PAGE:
How to Export Power BI to Excel

Roxanne Vals
Senior Financial Modeling Consultant
December 6, 2022

Why do we need to export data from Power BI to Excel?

Power BI, the solution developed by Microsoft, allows you to create data models and then turn them into dynamic, interactive reports that are easily accessible to your intended recipients.

Although Power BI is being increasingly used by finance professionals, teams still have to produce static reports in Excel to format and analyze their data.

So how do you export data from Power BI to Excel? Read on to find out.

TL;DR

  • In this article Roxanne, Power BI consultant at F31, will walk you through the different methods available to export Power BI to Excel.

  • There are three native options for exporting data from Power BI to Excel; firstly, exporting data from a Power BI visual to Excel for simple data extraction. Alternatively, analyzing in Excel for exporting large data sets and refreshing data directly in Excel. Finally, getting data from within Excel, a quick but less efficient method.

  • Discover UpSlide’s Power BI Link: the easiest way to export Power BI visuals to PowerPoint or Word for easy integration into your presentations and reports.

Export data from a Power BI visual to Excel with “Export Data”

Here is how to export data from an online Power BI report to Excel:

  • Go to app.powerbi.com and choose a report you have access to
  • Click on “…” at the top right of the desired visual, then click the “Export data” button
  • Choose which data format you’d like to export: with the current layout, summarized data, or underlying data.
  • The report author can limit certain options, for example, removing the ability to export as ‘Underlying data.’
export power bi to excel data

You can now edit your data or re-make graphs directly in Excel.

This first type of Power BI export to Excel is simple but limited as:

  • You can only export data from one visual at a time, in a new CSV.
  • You cannot update the data in Excel as the Power BI report evolves.
  • You can only export data related to a Power BI visual, it is not possible to extract a table, because the data and the model cannot be viewed in the published version.

However, it is possible to export a table from the Power BI desktop to Excel: in the “Data” view, select a table, then right-click and “Copy” for a column, or “Copy Table” for the entire table. Simply paste the data into an Excel file to retrieve it.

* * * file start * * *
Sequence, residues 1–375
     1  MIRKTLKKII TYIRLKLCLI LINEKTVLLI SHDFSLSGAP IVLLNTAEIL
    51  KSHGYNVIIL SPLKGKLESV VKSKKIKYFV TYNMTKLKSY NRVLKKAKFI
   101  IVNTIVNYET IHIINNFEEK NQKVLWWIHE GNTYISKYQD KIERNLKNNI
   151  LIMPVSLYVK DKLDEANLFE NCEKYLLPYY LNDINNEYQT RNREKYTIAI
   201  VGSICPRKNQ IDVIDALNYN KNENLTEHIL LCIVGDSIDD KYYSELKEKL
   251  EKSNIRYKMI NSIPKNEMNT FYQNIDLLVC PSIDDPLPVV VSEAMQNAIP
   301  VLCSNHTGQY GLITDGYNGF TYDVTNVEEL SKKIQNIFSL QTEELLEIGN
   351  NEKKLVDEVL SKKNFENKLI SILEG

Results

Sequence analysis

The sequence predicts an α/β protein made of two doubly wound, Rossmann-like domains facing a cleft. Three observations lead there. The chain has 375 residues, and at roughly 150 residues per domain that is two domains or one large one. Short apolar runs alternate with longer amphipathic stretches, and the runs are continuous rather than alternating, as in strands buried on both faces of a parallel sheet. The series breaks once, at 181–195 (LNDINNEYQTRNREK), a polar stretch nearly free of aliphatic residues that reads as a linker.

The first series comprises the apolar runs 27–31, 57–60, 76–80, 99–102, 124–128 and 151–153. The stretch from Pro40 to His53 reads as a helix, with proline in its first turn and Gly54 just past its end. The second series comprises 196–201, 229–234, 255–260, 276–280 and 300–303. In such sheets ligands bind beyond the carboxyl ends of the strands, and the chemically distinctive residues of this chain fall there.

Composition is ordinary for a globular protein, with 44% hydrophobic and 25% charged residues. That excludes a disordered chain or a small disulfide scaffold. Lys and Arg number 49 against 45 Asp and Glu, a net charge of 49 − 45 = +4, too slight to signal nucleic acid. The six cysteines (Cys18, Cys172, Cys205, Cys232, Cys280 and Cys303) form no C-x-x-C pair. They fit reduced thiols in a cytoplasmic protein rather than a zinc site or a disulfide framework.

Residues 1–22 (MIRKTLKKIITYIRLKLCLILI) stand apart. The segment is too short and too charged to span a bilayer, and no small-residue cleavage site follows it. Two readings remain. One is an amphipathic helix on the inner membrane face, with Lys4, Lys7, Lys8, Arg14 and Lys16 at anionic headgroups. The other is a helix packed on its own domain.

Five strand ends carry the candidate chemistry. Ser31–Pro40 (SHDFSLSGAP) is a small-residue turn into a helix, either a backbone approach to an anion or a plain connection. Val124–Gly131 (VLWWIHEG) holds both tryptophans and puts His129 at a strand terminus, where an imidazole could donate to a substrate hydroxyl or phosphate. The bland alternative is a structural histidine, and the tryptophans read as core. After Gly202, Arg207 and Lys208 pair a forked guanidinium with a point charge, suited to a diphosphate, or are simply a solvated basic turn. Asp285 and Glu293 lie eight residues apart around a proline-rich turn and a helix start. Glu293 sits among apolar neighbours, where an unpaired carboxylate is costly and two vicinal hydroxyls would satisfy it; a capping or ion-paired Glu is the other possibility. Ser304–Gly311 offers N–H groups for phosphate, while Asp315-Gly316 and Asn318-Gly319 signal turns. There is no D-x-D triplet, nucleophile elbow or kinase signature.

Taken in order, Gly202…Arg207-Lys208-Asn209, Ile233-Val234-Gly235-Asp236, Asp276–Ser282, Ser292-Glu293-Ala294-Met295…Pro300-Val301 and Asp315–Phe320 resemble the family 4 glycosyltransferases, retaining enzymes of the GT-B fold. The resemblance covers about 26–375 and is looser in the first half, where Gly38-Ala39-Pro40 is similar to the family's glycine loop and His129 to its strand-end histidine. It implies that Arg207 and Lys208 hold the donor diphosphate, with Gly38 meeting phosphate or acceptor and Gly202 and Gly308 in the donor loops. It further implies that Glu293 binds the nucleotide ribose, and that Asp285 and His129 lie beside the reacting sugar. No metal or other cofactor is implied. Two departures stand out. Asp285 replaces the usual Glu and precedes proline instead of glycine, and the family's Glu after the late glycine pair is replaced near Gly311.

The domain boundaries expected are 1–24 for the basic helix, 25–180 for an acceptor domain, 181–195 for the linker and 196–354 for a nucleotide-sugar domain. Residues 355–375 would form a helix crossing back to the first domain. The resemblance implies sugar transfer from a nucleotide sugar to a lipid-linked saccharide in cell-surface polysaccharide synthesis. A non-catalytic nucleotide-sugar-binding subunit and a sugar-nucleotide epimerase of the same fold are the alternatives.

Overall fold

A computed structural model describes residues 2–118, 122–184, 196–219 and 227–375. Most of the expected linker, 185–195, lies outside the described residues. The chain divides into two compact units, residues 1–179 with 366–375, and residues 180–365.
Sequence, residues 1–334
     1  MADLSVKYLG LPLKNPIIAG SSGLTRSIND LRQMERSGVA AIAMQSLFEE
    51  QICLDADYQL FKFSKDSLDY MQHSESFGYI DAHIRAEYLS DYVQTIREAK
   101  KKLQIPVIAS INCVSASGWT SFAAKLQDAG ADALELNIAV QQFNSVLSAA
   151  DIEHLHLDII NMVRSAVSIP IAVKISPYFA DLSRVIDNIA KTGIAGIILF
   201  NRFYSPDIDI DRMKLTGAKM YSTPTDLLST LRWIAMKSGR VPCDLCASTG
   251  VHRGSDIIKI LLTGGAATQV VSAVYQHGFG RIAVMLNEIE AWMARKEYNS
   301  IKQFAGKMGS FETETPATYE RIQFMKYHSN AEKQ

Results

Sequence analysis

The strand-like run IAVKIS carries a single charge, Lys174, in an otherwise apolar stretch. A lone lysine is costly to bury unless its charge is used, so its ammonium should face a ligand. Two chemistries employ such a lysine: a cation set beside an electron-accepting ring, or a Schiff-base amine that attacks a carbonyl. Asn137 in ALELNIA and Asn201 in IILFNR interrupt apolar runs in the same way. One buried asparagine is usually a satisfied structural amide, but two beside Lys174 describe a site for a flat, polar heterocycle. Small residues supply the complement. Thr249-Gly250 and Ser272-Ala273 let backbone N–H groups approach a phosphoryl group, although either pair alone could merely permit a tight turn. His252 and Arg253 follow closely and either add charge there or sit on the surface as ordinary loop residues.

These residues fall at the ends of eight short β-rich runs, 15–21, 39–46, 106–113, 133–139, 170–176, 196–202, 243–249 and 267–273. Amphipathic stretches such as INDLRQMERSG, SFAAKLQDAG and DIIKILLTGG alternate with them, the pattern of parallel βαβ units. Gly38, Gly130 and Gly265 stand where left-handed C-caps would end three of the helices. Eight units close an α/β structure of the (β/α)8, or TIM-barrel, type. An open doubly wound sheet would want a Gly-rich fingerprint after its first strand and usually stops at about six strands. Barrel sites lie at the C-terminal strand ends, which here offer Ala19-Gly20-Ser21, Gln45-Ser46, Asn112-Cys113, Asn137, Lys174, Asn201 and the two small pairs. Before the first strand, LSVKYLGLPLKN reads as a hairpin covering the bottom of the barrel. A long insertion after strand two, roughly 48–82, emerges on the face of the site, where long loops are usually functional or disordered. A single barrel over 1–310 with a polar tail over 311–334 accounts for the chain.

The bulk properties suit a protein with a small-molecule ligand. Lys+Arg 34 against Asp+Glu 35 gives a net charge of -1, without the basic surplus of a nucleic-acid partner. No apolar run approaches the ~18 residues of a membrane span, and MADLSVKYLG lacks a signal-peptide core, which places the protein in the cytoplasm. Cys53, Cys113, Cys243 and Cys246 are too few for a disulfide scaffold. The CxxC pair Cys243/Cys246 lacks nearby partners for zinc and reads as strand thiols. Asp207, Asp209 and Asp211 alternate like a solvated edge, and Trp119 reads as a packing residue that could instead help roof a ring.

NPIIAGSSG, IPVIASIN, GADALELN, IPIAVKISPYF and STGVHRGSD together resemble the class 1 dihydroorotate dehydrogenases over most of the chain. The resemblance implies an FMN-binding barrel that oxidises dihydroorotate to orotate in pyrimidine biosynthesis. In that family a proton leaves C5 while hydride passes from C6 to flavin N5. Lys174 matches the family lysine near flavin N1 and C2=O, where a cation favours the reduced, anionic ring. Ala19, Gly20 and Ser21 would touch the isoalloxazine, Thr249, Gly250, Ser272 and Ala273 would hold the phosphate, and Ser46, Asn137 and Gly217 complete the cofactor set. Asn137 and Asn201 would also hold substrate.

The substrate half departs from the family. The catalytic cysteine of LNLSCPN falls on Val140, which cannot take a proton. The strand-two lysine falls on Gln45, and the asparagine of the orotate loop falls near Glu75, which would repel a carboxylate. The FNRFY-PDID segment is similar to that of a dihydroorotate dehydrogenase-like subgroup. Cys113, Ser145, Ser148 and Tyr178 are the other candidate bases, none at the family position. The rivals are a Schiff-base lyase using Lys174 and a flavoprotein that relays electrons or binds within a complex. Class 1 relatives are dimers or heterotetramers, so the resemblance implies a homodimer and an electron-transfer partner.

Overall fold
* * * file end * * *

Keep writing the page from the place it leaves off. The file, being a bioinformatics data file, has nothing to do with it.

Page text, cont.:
> Discover 8 ways to make beautiful financial charts in Excel.

Export large data sets from Power BI to Excel with “Work in Excel”

The second way to export data from Power BI to Excel can handle whole data models, plus offers the advantage of being able to refresh the data directly in Excel! This will help when you want to export large amounts of data.

Here is how to connect your data model to a blank Excel file with the “Analyze in Excel” function:

  1. Go to app.powerbi.com
  2. Open the report which contains the data set you want to export
  3. Click “…” to the far right of the ribbon above the report
  4. Select “View dataset”
  5. Under ‘Work in Excel,’ click ‘Analyze’
export power bi to excel analyze

This downloads an Excel file in OneDrive, enabling you to view the workbook in Excel for the web. From here you can create PivotTables, visuals, etc. directly in Excel from the data derived from the Power BI data cube.

For example, when you want to create a new PivotTable in the Excel file (“Insert” > “PivotTable” tab), simply choose “From Power BI” and then connect to the desired dataset from the right-hand pane.

To refresh the data from the Power BI report, simply go to the “Data” tab and click on “Refresh All.”

Analyzing in Excel gives users autonomy and allows them to grasp the power of all Power BI’s possibilities.

Roxanne Vals

Senior Consultant

This second type of Power BI export to Excel has the advantage of being semi-dynamic, yet it’s still limited as:

  • It generates a new file, with an unfamiliar extension (.ODC, while Microsoft recommends to use the .XLSX extension).
  • Measurements from data models must be created beforehand as it is not possible to create them in a PivotTable.

> Get to know our top 3 productivity tips to become an Excel champion

Create PivotTable by retrieving data from within Excel